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Yuan Ends Domestic Session near 3-Year High

SHANGHAI, May 10 (Reuters) - China’s yuan ended the domestic session at a near three-year high against the dollar on Monday, underpinned by broad dollar weakness, as investors assessed the implications for monetary policy of a disappointing U.S. employment report.

The currency’s strength is fuelling speculation the central bank may step in via state banks to cool its rapid ascent, traders said.

China’s onshore spot yuan finished the domestic trading session at 6.4173 per dollar, its strongest such close since June 15, 2018.

Prior to market opening, the People’s Bank of China (PBOC) lifted the midpoint rate by the most since early January to 6.4425 per dollar, 253 pips firmer than the previous fix of 6.4678.

Several traders said the market refrained from testing new highs to gauge the central bank’s position on the sudden gains, after the spot price on Monday afternoon breached the year-to-date high of 6.4245 hit in January.

Some investors said markets would pay close attention to Tuesday’s midpoint fixing for any signs the PBOC is uneasy with the yuan’s rapid gains.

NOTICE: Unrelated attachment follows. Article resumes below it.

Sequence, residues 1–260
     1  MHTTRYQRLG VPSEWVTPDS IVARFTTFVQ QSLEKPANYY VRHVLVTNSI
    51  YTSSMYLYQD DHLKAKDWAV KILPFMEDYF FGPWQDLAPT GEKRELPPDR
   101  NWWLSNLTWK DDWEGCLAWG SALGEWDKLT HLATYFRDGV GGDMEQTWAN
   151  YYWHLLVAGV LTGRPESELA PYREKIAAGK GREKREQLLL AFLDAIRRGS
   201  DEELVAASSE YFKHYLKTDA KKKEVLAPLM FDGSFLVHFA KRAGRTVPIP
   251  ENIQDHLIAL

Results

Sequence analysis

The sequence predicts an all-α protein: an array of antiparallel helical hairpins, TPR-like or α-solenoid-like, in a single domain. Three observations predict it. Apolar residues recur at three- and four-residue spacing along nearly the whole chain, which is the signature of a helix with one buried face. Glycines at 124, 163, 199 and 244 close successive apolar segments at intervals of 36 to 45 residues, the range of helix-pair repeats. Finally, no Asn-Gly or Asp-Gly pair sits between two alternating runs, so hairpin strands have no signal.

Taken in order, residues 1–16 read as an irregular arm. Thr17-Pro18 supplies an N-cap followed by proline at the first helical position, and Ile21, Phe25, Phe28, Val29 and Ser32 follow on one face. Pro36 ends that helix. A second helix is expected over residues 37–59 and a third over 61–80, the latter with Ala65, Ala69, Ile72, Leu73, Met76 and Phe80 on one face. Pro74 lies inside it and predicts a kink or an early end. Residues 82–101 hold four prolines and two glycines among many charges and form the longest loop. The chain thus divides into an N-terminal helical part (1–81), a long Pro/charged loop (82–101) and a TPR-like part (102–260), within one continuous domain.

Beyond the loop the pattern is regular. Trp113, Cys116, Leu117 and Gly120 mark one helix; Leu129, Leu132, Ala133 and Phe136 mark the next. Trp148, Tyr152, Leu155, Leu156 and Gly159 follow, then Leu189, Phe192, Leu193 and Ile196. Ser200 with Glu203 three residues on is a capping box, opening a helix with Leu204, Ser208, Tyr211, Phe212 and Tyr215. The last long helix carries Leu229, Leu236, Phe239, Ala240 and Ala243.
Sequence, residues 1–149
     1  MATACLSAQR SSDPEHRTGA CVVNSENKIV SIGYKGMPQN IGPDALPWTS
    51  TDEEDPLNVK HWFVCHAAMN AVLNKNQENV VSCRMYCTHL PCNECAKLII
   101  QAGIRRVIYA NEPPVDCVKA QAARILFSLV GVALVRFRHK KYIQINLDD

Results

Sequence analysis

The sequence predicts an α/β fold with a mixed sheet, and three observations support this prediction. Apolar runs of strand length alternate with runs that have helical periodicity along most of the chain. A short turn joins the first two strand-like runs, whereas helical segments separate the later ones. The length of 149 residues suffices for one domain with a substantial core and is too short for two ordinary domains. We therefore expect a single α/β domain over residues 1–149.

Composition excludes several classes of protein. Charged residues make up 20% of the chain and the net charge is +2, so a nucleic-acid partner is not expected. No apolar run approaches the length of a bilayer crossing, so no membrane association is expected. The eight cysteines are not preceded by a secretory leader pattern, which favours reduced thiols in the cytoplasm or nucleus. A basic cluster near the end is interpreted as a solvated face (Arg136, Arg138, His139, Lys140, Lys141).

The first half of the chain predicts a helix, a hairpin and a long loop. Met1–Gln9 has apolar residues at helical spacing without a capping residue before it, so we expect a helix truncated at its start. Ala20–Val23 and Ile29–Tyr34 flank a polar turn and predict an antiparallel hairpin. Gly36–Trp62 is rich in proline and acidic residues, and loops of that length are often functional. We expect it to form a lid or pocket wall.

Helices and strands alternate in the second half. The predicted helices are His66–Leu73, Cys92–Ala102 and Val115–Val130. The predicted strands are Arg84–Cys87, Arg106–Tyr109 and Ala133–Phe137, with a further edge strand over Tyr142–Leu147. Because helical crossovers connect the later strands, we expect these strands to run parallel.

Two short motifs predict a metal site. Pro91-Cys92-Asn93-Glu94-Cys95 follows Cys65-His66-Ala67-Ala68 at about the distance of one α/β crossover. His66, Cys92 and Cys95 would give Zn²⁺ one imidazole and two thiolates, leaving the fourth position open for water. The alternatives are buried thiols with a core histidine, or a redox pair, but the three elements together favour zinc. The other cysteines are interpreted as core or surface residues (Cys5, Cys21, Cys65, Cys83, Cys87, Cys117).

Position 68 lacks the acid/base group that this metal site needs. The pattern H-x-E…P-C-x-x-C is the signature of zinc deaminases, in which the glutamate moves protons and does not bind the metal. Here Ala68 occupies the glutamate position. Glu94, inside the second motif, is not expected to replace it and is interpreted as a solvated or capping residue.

Some were afraid state-run banks could be directed to step in to rein in the currency’s strength, said a trader at a foreign bank.

Traders said they had not seen any attempt by state bank in the onshore spot market to slow the pace of the rally as evident in late 2020. Major state-owned banks often act as agents for the PBOC in currency markets, but they also trade on their own behalf.

“It appears that the PBOC holds a cautious view on any resurgent RMB appreciation pressure driven by the new USD sell-off, in particular with the slowing China recovery momentum,” said Ken Cheung, chief Asian FX strategist at Mizuho Bank in Hong Kong.

“The PBOC seems to be comfortable with the CNY range trading between 6.4 and 6.6 level,” Cheung said.

The PBOC has introduced multiple measures in late 2020 and earlier this year to stem the rise of the currency by reducing capital inflows.

(Reporting by Winni Zhou and Andrew Galbraith; Editing by Jacqueline Wong)

Source: Reuters


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